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As part of the opening to Debate, endorsements, and a poll from KPBS in San Diego, I observed in passing that yesterday (at least here in Michigan) is a holiday. I made no further mention of the day, which is odd, because I stated in Happy Festivus! that I love holidays, including fake ones. I realized that I should have posted something about Martin Luther King Day, at least as much as last year, when it was combined with Obama's Inauguration. Today, I'll mark the occasion by describing my most vivid memory about the holiday, which ironically has nothing to do with the intended meaning of the day. Instead, it's about experiencing the Northridge earthquake from afar through television, a story I tell my students.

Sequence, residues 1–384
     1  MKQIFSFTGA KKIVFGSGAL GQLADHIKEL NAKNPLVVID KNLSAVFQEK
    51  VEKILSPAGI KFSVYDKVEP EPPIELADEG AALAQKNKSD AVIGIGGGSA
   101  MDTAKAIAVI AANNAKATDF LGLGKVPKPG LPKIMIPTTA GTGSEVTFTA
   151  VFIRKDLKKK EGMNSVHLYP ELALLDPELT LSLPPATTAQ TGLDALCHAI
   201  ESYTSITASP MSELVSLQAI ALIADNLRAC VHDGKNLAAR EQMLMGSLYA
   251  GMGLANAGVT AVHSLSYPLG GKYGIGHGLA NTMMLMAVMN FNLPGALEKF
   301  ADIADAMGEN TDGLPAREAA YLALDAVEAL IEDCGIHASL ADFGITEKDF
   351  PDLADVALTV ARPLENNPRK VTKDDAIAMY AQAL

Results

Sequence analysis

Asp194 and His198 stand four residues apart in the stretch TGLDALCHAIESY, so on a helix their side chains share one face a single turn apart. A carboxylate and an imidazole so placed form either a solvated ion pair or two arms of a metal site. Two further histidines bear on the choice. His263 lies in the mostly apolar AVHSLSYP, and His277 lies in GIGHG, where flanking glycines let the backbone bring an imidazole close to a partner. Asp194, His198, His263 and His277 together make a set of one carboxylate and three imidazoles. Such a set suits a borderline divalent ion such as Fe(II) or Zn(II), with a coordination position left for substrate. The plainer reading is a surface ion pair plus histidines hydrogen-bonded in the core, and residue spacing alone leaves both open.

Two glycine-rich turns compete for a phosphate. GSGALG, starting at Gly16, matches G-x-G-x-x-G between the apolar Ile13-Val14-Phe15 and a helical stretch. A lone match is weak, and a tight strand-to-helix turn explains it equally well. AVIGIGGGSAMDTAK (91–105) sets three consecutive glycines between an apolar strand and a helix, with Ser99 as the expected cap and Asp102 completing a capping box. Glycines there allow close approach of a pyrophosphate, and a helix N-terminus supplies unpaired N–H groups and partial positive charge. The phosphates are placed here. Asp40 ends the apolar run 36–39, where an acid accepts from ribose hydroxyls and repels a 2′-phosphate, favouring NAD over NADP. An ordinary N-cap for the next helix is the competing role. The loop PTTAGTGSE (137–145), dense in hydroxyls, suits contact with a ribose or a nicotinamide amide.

Before our daughter was born, my ex-wife and I had agreed that I would take the second feeding of the night, which means that she was bottle-fed. After several years, that meant that I was in charge of my daughter's breakfast. On the morning of MLK Day, my daughter woke me up by saying "Daddy, I'm hungry." So I got up, prepared her breakfast, sat her down in front of the TV in the basement, and then put one of her favorite Disney tapes, which was either "Sleeping Beauty" or "Cinderella," I forget which. Just before the tape started running, I saw the announcement on Good Morning America that there had been an earthquake in Los Angeles. "Yeah, yeah, what else is new," I thought. Then the movie started and I lay down on the couch to sleep. After all, it was a holiday, and I didn't have to go to school or work. When I woke up, Regis and Cathy Lee were not on, as I expected, but news coverage. I recognized immediately that this was a bad thing. The last time I saw news instead of the mid-morning show was when the Challenger exploded. I grew even more horrified when it was about the earthquake and the location shots were all of places I knew and had been. There was damage at the university I had attended before I moved,* damage to the apartments my sister had lived in, damage to the mall where I had shopped. I may have been 2,000 miles and five years away, but it still struck close to home.